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Global Economy

Hope for Canada as an energy partner

It's still a dream of the future – the sound of the wind turbines on Newfoundland. When they soon turn between wooded hills and the coast, then the white giants should generate more than just electricity. The wind farm that the Canadian company "World Energy GH2" is planning on the island is to be used for the "green", CO2-free generation of hydrogen. A facility for this is to be built in the small port town of Stephenville.

The government of Prime Minister Trudeau has also committed itself to green hydrogen in its energy strategy. Canada wants to become a heavyweight in this sector. Even if green hydrogen still plays a negligibly small role: Up to now, 95 percent of the hydrogen has been obtained from the vapor reduction of natural gas – the so-called "blue" hydrogen. In order to change that, plants like the one planned in Newfoundland are to be built. And then also be exported.

Export from Newfoundland to the World

According to the will of Federal Minister of Economics Robert Habeck, the gas, which can be used in the chemical industry, for example, should also play a major role in the energy transition in Germany. Green hydrogen has just pushed liquefied gas off the agenda on his and Chancellor Olaf Scholz’s Canada itinerary.

Because hydrogen is soon to be transported in large quantities from the deep-sea port in Stephenville to Germany. At least that's what the plans for the planned hydrogen agreement between Germany and Canada envisage, explains Les Jacobs, Vice President of the Research and Innovation department at Ontario Tech University: "The great idea of combining the production of wind energy with hydrogen and energy from Exporting Newfoundland is very attractive because Newfoundland is so small that the energy consumption of less than a million people is not large."

Conservationist reservations

The conditions are ideal. On the one hand, there are stable wind currents in the region. On the other hand, the water supply of a former paper factory can be used for high-performance production. In addition, the group promises the island hundreds of jobs through the project. In a first phase, the company wants to set up 164 onshore wind turbines in the region. At some point it will be 500. But there is also opposition from the population – for example from conservationist Paul Wylezol, president of the "International Appalachian Trail Association".

"In principle, we have nothing against wind turbines and wind power," says Wylezol. But the organization has a problem with the location. "This is a spectacular area. And to the north is part of the Unesco World Heritage Site. The area in question is right in the middle. We want to protect it." The conservationists have just applied to Unesco for the status of a "global geopark". It is about the wooded Lewis hills, where according to current plans the first wind turbines are to be located.

Expensive investments required

Newfoundland has 108,000 square kilometers on which such wind turbines can be placed. You don't have to give up the best pieces of land so that others can make a profit, says Wylezol – also addressing the Chancellor: "We understand the situation Germany is in: Germany has to become independent of Russian oil. We want to help. But not at our expense." In addition, Wylezol and his association are calling for a fund from which possible damage to nature can be eliminated.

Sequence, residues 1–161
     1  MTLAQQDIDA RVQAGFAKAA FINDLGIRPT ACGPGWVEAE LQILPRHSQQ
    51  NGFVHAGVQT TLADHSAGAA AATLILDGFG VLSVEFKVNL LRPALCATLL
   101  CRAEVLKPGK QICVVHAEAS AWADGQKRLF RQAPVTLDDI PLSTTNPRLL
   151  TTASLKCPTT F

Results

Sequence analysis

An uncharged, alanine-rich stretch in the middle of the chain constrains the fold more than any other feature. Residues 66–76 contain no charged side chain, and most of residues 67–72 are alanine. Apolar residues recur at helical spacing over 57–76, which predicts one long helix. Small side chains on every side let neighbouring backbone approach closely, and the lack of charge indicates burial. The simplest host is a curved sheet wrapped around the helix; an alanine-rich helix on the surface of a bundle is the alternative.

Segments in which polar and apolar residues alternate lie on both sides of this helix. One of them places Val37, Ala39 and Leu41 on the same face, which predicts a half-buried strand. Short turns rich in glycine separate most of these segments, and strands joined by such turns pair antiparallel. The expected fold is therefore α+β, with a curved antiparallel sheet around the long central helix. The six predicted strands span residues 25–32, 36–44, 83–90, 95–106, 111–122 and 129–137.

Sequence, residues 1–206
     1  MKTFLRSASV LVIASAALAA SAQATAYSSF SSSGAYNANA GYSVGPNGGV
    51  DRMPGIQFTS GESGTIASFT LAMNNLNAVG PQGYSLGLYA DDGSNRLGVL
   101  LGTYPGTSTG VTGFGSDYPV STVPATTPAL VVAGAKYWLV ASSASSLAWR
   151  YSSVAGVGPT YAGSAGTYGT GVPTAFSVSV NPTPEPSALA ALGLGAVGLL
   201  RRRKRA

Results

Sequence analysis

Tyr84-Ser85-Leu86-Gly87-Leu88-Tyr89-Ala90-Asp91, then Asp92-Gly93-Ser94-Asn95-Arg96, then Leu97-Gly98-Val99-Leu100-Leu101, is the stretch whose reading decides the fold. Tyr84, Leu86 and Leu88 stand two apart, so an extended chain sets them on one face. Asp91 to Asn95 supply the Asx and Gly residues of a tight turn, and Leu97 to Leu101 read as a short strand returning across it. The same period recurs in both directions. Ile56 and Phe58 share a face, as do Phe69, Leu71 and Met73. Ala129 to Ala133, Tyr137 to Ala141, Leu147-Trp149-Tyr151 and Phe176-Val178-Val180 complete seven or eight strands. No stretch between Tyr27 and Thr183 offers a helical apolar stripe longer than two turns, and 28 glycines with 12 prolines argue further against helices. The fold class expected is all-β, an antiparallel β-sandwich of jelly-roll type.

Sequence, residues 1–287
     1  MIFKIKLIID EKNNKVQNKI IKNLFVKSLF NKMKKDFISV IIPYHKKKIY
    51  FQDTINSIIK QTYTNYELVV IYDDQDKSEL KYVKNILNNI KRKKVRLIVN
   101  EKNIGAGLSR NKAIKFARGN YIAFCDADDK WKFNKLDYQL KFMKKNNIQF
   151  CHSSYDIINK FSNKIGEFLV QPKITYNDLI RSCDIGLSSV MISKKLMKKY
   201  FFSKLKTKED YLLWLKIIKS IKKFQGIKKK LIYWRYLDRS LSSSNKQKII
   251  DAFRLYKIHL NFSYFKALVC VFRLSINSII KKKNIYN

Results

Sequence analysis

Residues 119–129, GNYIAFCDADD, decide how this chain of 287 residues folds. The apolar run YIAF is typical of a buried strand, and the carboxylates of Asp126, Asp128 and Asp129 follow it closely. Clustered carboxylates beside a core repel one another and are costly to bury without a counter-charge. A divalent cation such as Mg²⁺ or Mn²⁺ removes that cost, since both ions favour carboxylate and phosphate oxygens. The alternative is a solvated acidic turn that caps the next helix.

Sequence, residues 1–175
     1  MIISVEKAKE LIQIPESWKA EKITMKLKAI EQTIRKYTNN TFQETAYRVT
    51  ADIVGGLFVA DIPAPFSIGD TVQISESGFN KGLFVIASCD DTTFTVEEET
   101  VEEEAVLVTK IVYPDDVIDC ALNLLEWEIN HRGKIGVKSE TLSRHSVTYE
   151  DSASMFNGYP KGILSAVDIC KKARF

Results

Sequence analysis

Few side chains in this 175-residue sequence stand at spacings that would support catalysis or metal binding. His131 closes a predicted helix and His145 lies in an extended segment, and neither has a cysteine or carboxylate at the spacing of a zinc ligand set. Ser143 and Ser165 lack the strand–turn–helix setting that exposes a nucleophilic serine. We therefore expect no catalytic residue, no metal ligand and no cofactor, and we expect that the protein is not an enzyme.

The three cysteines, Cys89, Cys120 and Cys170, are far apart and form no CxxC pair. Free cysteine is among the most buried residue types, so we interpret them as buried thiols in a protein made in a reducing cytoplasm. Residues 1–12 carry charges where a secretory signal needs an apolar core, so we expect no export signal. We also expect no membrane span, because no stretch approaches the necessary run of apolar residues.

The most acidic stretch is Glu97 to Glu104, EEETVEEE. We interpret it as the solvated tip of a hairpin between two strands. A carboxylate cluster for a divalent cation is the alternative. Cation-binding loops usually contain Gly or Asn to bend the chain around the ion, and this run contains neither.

Other concerns are raised by Bruno Pollet, president of the International Network for Hydrogen Energy and a professor at the University of Quebec. The agreement between Canada and Germany is a good step, but it has to be viewed realistically: "Canada first needs the infrastructure to produce large quantities of green hydrogen – not only for its own use, but also to export it. And then even over such a great distance as to Germany."

Bridgeable problems

Special high-pressure tanks are required for the hydrogen. But there are still no storage terminals for this, let alone an idea of how transport could look like on a large scale. Problems that can be bridged – if not until the day after tomorrow, says Stefan Kaufmann. Until two weeks ago, the CDU politician was the federal hydrogen commissioner and was often on site in Canada: "Of course we then need the ships that transport the hydrogen to the ports in Europe as ammonia or as liquid hydrogen." And these ships already exist, he emphasizes.

That is why he supports the agreement. The main question is: "How is hydrogen produced green on the Canadian side – and then of course near the deep-sea ports," says Stefan Kaufmann.

One hundred percent green electricity in three years

Canada plans to build 30 hydrogen hubs across the country. According to the German-Canadian Chamber of Commerce, the North American oil country already generates around 67 percent of its electricity from renewable energy sources. And most of it comes from hydropower. In three years, Trudeau's government wants to supply the country with 100 percent green electricity.

"Canada is of course a very interesting partner country," says hydrogen expert Kaufmann: "There is great potential in Quebec and in the eastern part of the country. But how quickly can it be before the first green hydrogen is delivered to Germany?"

According to the group's plans, the first wind turbines for the plant in Stephenville should be ready next year. But so far not even the study on environmental compatibility has been completed. It may be a few years before the project bears fruit, experts like Pollet from the International Network for Hydrogen Energy say: "At the moment it all seems far-fetched to me. So much still has to happen. The deal is fantastic – but it will cannot be implemented overnight." A lot also depends on how the billion-euro project is financed. Germany must also do its part.

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